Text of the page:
Acts 27

“The next day we put in at Sidon. And Julius treated Paul kindly and gave him leave to go to his friends and be cared for.”Acts 27:3 ESV

Isn't it great that there are so many different personality types in this world? You have people like my friend Ben, who are the epitome of extroverts. They walk into the room, and are the life of the party. Then, you have people like my wife, Annie. She is more of the introverted type. As she listens to conversations intently, she may not talk often, but when she does, it really counts.  And then there’s people like me. Sometimes we are extroverted, sometimes we are introverted, and half the time we are somewhere in the middle. I think the official term is ambivert - and it fits me to a T.

Ambivert, extrovert, introvert, we all fall somewhere along the scale. Yet, something that I find interesting, is that regardless of our personality type, we all crave community. All of us, regardless of age, or culture, or country, need other people. And recently, I was reminded of this.

It was a normal Saturday – nothing too unusual. Yet that morning as I woke up and began to get ready for church, I realized that I couldn’t open my jaw. It was like someone had superglued my mandible, and the pain was crazy. Thankfully however, I had a solution. 

I remembered the words of my friend Dr. Rick, a chiropractor, who goes to our church.. Something that Dr. Rick has always told me, is that if I needed an emergency adjustment, he was always a call away. So that Saturday, that’s just what I did and took him up on his offer, I called him, and no less than an hour later he met me and I was back to 100%. Since all of this happened, the question that has kept coming to my mind is, “What would I have done if I didn't have my friend Dr. Rick?”

How would my jaw have been fixed? How would I have shared at church? Honestly, I don’t know what I would’ve done. My jaw was something that I was physically not able to fix on my own. I needed another set of hands, and someone with the right knowledge, who I could call upon and ask for help. 

That is how it is in most areas of our lives when we really think about it. We can’t live this life on our own, we need other’s help and expertise. That is why every nation, tribe and people have always gravitated toward living lives intertwined with others. This week, as I was reading Acts 27:3, I believe we get to see a perfect image of what this type of community can look like.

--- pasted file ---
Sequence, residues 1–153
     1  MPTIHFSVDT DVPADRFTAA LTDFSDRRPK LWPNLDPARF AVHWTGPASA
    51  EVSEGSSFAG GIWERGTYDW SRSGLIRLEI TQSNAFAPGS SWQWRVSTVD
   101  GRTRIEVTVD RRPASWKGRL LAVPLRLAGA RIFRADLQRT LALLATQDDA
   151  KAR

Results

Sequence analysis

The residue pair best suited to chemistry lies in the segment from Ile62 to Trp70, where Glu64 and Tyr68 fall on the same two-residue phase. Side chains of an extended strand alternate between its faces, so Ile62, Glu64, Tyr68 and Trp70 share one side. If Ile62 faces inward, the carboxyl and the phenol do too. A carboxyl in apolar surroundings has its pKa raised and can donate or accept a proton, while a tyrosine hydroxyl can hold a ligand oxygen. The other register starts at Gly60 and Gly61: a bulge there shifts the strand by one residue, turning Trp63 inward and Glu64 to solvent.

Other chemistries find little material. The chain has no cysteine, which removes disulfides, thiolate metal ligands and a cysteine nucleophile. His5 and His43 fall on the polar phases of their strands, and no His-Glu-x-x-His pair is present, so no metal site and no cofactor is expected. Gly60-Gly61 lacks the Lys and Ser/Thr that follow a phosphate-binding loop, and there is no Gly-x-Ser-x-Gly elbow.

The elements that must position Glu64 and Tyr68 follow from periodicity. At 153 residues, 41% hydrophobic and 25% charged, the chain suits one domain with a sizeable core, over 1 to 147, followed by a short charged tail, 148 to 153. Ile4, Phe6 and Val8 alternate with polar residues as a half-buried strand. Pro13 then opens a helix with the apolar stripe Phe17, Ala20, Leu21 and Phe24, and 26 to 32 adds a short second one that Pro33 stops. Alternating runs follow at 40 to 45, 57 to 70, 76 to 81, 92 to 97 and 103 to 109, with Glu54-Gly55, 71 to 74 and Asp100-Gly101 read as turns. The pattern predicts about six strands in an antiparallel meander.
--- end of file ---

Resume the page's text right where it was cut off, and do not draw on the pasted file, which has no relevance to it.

In Saltworks this week, we have been studying Acts 27, and there we find Paul detained as a prisoner, preparing to go before Caesar. And if you can imagine, Paul had probably been through a lot. He had experienced beatings and shipwrecks and rejection and suffering. Paul had almost been through everything. But then, in the middle of his hardships, verse 3 tells us something really special happened. It says, “The next day we put in at Sidon. And Julius treated Paul kindly and gave him leave to go to his friends and be cared for.” Acts 27:3 ESV

Paul and his companions docked their ship at Sidon, and Paul's first request was to see his friends. In the middle of being held prisoner, Paul knew he needed to place himself in community. And the beauty is that Paul’s friends came through. They actually lived out the type of community Paul had told them to foster.

And as we look at this story today, the question that keeps coming to my heart is - Do we each have this kind of community? Do we each have people in our corner who are caring for us and feeding our soul? Hopefully we do!

But if you don’t have a community like this yet, one of the best ways I believe we can build it in a healthy way, is through planting ourselves in a faith community. Find a healthy, loving and service oriented community. Plant yourself there, and allow yourself to grow deep roots. Don't jump around from one thing to the next best thing. Decide in your heart to be committed. Then, like Paul in Acts 27, be vulnerable. Lean on people, ask for help, share a meal with someone you would normally walk past. In doing this, you will not just grow your circle, you will build relationships where vulnerability, and genuine healing can both take place.  

As psychologist Kurt Thompson says, “We sense, image, feel and think all sorts of things that we never say, because we’re far frightened to be that honest, that vulnerable. But honest vulnerability is the key to both healing shame and its inevitably anticipated hellish outcome of abandonment and preventing it from taking further root in our relationships and culture.”

We need community. We need people to surround us. And in accepting this need, and being open, we discover that we find true healing and support. May we each place ourselves in positions to grow in healthy, life-giving community. And then, may we allow ourselves to not only be vulnerable, but to grow into the type of people others can find refuge in as well.

By Kyle Smith

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